Ask Your Question

Angie's List Answers is the trusted spot to ask home improvement and health questions and get answers from service companies, health providers and consumers. For ratings and reviews on companies in your area, search Angie's List.

Top 30 Days Experts
Rank Leader Points*
1 kstreett 240
2 Guest_9020487 110
3 Guest_9190926 105
4 GoldenKid 100
5 ahowell 95
6 KnowledgeBase 95
7 skbloom 80
8 Guest_98024861 70
9 Guest_9311297 70
10 Guest_9400529 70

*Updates every 4 hours

Browse Projects By Category

Question DetailsAsked on 6/27/2015

What is the cost of shortnening a window in the kitchen so that a counter can be installed under it?

I need to shorten a kitchen window.It is 32 inches from the floor.I want to make it counter height in order to add a counter underneath it.I live in Los Angeles.What would be the cost of the total project?

Do you have the same question? Follow this Question

1 Answer


Two common ways to solve this (other than putting the countertop and backsplash right across in front of the window if it can be opened and cleaned from outside, but that is hokey.

1) modify window so it is shorter (if simple wood or aluminum frame with single-pane glass that can easily be cut) and reinsert, filling gap at bottom with drywall and siding, etc. With multi-pane unit will undoubtedly be cheaper to put in a new window. Cost typically about $500-750 ballpark for typical roughly 3 foot square kitchen window or smaller to modify (if easily done) and fill gap, assuming the siding is not hard to duplicate. Closer to $750-1000 if window unit has to be replaced because hard to modify or multi-pane.

2) raise the window header, and move the entire window unit up in the wall, assuming there is headroom overhead, and reconstruct drywall and siding and such in the gap left underneath. Typical cost probably around $400-800.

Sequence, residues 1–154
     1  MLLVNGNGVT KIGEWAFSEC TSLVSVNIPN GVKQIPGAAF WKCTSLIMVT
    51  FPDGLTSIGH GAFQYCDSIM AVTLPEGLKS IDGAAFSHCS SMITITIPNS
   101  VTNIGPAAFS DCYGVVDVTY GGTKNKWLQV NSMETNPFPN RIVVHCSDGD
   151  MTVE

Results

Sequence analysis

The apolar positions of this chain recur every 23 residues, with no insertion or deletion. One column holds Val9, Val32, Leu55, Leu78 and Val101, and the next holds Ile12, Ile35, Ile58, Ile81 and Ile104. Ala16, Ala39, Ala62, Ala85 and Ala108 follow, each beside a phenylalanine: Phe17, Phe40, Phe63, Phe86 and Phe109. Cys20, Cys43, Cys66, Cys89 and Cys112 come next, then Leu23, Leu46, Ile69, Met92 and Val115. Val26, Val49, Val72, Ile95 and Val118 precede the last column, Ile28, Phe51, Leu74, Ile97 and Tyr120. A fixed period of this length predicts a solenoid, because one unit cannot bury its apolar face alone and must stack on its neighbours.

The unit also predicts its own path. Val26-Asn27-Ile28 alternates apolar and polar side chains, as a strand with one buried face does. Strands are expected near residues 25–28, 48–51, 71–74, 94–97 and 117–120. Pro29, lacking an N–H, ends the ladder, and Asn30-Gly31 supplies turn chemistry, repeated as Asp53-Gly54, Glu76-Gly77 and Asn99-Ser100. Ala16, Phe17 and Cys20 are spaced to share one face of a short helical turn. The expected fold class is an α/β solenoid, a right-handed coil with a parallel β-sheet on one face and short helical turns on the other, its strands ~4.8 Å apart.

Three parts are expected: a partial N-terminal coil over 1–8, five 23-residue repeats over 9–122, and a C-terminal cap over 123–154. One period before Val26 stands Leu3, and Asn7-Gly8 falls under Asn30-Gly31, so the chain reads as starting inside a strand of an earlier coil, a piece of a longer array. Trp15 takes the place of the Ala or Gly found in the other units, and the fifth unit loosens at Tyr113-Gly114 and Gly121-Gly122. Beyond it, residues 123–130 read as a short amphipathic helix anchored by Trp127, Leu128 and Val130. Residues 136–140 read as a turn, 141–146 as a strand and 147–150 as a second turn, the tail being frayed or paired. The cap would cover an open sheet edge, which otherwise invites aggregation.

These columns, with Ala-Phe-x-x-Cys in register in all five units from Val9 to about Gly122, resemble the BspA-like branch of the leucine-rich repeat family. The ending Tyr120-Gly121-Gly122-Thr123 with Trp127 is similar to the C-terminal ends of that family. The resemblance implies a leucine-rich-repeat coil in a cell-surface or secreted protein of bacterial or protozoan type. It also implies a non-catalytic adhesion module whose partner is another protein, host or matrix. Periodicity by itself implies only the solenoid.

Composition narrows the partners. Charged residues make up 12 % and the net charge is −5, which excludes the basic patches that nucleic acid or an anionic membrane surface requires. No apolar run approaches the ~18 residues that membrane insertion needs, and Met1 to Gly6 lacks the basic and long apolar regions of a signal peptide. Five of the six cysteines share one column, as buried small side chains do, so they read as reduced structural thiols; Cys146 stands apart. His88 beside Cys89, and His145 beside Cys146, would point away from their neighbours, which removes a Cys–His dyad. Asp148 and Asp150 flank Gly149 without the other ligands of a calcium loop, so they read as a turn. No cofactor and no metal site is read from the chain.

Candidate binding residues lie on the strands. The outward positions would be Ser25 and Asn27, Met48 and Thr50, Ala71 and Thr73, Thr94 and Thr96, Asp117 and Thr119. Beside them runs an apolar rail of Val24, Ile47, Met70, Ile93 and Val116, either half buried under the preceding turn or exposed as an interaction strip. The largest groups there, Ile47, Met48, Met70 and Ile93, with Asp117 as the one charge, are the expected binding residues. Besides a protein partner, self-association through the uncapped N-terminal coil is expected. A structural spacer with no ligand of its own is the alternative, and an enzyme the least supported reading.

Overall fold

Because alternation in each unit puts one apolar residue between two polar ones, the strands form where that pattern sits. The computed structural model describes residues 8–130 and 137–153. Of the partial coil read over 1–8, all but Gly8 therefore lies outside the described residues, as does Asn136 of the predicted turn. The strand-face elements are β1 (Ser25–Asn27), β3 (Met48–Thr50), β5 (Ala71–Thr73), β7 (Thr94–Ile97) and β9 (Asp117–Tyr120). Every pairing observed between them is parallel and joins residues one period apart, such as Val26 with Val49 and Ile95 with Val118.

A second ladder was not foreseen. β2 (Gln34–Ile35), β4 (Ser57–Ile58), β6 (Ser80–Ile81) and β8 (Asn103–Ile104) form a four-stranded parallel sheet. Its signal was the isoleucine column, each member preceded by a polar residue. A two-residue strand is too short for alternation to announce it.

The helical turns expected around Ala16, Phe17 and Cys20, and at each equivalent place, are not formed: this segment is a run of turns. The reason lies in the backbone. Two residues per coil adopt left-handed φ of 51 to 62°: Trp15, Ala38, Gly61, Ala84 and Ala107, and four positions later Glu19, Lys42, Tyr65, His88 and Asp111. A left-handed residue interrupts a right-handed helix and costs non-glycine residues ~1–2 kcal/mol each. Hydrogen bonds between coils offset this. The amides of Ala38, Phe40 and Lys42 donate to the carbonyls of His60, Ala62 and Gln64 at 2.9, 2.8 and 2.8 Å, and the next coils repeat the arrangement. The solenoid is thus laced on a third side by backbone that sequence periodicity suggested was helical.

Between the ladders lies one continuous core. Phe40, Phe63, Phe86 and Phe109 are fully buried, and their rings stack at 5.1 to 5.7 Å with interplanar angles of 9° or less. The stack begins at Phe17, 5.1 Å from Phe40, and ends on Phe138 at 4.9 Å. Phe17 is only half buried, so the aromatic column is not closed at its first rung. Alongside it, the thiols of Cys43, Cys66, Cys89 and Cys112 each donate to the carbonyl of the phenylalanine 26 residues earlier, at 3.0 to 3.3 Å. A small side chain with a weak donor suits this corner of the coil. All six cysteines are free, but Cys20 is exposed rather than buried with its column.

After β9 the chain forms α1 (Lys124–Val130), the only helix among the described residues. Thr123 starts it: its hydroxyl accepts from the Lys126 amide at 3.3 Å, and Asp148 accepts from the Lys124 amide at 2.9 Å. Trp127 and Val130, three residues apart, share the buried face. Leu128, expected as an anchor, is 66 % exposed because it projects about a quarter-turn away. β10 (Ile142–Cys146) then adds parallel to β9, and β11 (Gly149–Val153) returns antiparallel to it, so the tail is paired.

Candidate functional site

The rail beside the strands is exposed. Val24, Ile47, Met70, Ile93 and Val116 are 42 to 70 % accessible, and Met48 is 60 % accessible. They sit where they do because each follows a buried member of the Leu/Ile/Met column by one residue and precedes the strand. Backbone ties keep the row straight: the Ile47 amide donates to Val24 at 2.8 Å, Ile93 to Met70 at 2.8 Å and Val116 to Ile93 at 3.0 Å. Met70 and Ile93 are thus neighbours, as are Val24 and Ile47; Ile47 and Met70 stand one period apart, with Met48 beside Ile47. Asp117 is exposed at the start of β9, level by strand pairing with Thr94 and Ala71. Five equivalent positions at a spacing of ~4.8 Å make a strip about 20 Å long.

You can see the cost range overlaps, so it depends more on the contractor's preferred approach (so he gives his best price) than on the method used. An old-school or handyman type will likely tend to trying to shorten the side frames and remount the bottom frame pieces are cutting the glass to fit, sometimes (in easier cases) without even removing the window; general contractors and window companies will generally go for the total window unit replacement approach.

PS - if siding is hard to match, one solution if drips will not hurt whatever is below it, is to redo the interior drywall and insuylation and such, put up suitable exterior siding panel to fill the gap (which might not even be a type match, much less color match) and then cover that filler panel over with a window planter box. Works nicely in cases where siding type is no longer made or color match will be hard to achieve - like on vinyl siding, for instance.

Answered 4 years ago by LCD

Related Questions

Terms Of Use
Privacy Policy